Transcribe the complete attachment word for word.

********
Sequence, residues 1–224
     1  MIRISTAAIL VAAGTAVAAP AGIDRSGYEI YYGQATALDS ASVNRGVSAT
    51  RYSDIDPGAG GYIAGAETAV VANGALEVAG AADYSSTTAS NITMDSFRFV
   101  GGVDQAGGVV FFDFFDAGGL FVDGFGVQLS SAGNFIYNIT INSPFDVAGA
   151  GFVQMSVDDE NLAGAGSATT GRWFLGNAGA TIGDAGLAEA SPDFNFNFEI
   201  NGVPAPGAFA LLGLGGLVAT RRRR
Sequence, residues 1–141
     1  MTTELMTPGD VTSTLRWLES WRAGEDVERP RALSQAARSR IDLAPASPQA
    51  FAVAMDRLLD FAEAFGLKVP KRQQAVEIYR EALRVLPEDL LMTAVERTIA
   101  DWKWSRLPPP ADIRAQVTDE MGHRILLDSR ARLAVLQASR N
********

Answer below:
Sequence, residues 1–224
     1  MIRISTAAIL VAAGTAVAAP AGIDRSGYEI YYGQATALDS ASVNRGVSAT
    51  RYSDIDPGAG GYIAGAETAV VANGALEVAG AADYSSTTAS NITMDSFRFV
   101  GGVDQAGGVV FFDFFDAGGL FVDGFGVQLS SAGNFIYNIT INSPFDVAGA
   151  GFVQMSVDDE NLAGAGSATT GRWFLGNAGA TIGDAGLAEA SPDFNFNFEI
   201  NGVPAPGAFA LLGLGGLVAT RRRR
Sequence, residues 1–141
     1  MTTELMTPGD VTSTLRWLES WRAGEDVERP RALSQAARSR IDLAPASPQA
    51  FAVAMDRLLD FAEAFGLKVP KRQQAVEIYR EALRVLPEDL LMTAVERTIA
   101  DWKWSRLPPP ADIRAQVTDE MGHRILLDSR ARLAVLQASR N